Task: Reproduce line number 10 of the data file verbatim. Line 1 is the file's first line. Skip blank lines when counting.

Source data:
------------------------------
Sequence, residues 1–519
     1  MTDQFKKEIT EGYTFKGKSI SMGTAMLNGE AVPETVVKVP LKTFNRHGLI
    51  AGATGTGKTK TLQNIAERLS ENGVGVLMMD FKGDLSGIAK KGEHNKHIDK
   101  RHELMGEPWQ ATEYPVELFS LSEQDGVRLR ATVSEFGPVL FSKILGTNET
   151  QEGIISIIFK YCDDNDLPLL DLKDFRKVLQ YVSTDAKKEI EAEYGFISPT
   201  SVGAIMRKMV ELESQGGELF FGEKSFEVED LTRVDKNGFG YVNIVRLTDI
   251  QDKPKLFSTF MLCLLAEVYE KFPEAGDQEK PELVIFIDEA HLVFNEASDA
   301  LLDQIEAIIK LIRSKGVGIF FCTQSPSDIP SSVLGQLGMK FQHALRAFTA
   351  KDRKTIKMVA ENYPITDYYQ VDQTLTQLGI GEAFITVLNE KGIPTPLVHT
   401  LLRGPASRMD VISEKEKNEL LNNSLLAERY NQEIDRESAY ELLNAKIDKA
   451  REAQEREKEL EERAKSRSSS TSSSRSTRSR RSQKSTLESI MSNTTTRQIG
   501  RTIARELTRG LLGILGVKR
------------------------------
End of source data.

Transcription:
   401  LLRGPASRMD VISEKEKNEL LNNSLLAERY NQEIDRESAY ELLNAKIDKA